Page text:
Should nonprofit board members be expected to be fundraisers for the organization? There are two opposing views on this subject. One states that board members must be engaged in fundraising to ensure the organization has adequate financial resources. The opposing view states that fundraising is an operational role and therefore outside the scope of board oversight. Although they sound opposing, both views are correct and boards have a number of issues to consider when making fundraising a requirement of board membership.
The first question to ask is why the board exists. If the organization is small or just starting out it might need every board member to help to fundraise in order to survive. As organizations grow and oversight becomes a bigger task, focusing mainly on fundraising might distract the board from other issues it should be watching.
The second question to ask is whether the strategic plan for the organization supports the requirement. Fundraising is likely only one of several strategies to achieve the organization’s purposes. It might be short sighted to put a large emphasis on fundraising. If advocacy is a strategic objective then a person with those skills or contacts could be more useful. The same is true for having board members with specific technical or subject-matter expertise related to the purposes of the organization.
A third question is whether the board can achieve proper diversity if every board member is expected to be skilled in fundraising. If the board requires an accountant or human resources expert to achieve adequate oversight of finance or HR, is it reasonable to expect them to also have fundraising (sales) skills? If the board is expecting each member to come with a network of wealthy contacts it might eliminate the perspective of a younger generation or of people with valuable but not wealth-generating occupations and networks.
Fourth, the board should consider what their motivation is for requiring board members to fundraise. If the thinking is that having major donors on the board will facilitate access to their funds and networks, board membership might not be the best option. The potential board member should be considered first on their contribution, benefit and commitment to the board and second on their ability to access funds. If board membership is held out as being more prestigious than other roles such as being chair of a fundraising campaign, the host of a gala or a member of the CEO’s advisory council, the board might be missing better opportunities to engage major donors.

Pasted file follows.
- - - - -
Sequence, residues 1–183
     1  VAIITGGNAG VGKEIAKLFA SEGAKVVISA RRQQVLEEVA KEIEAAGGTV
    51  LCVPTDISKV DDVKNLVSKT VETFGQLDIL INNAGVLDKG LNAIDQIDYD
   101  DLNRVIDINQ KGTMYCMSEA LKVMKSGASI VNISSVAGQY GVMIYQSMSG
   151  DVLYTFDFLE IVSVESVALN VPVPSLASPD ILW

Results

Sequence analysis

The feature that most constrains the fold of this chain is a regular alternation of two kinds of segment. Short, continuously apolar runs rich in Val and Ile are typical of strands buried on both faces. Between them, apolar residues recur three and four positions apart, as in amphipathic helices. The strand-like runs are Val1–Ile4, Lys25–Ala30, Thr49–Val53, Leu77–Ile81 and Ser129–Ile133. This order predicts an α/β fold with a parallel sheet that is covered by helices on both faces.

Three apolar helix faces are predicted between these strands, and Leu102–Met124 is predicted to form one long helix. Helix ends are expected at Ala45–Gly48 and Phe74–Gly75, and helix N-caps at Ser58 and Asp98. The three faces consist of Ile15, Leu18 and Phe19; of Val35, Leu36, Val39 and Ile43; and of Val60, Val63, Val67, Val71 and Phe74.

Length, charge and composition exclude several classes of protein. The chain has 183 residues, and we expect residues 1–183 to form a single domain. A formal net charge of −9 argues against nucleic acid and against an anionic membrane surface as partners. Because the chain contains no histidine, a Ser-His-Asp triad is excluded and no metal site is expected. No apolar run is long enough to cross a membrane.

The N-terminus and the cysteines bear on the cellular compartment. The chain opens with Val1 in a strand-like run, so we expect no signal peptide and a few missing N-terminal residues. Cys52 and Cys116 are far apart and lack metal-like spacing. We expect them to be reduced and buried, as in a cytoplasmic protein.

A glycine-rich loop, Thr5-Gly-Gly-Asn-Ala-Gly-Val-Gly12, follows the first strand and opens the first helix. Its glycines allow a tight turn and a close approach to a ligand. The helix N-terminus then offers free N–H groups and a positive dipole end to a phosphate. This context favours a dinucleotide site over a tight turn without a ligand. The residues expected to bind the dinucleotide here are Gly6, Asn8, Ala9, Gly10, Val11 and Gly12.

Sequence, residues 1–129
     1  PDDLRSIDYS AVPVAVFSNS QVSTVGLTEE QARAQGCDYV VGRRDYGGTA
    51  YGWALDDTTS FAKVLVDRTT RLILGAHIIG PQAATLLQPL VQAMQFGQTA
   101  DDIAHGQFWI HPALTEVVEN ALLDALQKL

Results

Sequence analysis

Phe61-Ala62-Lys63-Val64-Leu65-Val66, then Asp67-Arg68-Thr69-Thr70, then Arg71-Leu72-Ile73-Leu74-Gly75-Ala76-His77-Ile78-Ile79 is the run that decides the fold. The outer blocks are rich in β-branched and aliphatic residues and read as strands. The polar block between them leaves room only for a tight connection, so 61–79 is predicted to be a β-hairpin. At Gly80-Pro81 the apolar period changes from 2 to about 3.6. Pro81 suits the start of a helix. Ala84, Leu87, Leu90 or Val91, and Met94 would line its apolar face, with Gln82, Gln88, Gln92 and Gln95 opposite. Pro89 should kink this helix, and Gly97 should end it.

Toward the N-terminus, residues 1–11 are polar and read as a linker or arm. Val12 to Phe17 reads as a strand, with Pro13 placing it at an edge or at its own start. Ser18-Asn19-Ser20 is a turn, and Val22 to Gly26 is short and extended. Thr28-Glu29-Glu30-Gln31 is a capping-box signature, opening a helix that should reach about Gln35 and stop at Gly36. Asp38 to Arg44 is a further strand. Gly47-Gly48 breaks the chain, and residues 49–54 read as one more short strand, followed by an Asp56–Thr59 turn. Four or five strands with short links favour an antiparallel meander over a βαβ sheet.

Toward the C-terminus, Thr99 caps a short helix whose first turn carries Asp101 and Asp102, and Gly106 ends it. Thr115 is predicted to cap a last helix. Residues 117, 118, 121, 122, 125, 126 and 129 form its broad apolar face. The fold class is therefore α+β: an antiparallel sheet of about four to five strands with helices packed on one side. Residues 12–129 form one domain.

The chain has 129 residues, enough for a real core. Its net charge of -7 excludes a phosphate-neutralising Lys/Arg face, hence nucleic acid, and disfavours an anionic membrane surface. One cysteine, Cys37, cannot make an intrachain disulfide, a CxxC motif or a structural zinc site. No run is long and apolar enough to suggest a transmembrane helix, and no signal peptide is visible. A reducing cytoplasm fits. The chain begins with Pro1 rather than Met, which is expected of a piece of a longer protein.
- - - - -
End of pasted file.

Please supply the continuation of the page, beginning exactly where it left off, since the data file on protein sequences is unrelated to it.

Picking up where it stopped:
Fifth, there are many ways for board members to get involved in fundraising without having to solicit funds year-after-year from their same circle of contacts. Instead of asking directly for money, board members can write thank you notes to major donors, make thank you calls, serve as a member of a fundraising committee, volunteer at events or work their network to facilitate introductions for the CEO. Introductions can be to individuals, corporations, foundations or other sources of funds or gifts-in-kind.
Finally, as the opening argument stated, once board members get involved in fundraising they shift from an oversight role to an operational role. In other words, they take off their board hat and put on their volunteer hat, making them subject and accountable to the CEO. Boards need to be aware of the potential difficulty they put the CEO in and ensure the fundraising role is well defined with exit strategies if a board member is causing stress for the CEO or organization.
In closing, while board members should definitely be expected to be a donor of record each year and are ultimately responsible to ensure the organization has adequate financial resources, expecting that they should also fundraise might not be in the best interest of the organization. Each board must consider carefully its strategy, diversity, motivations and culture to determine the best role for the board.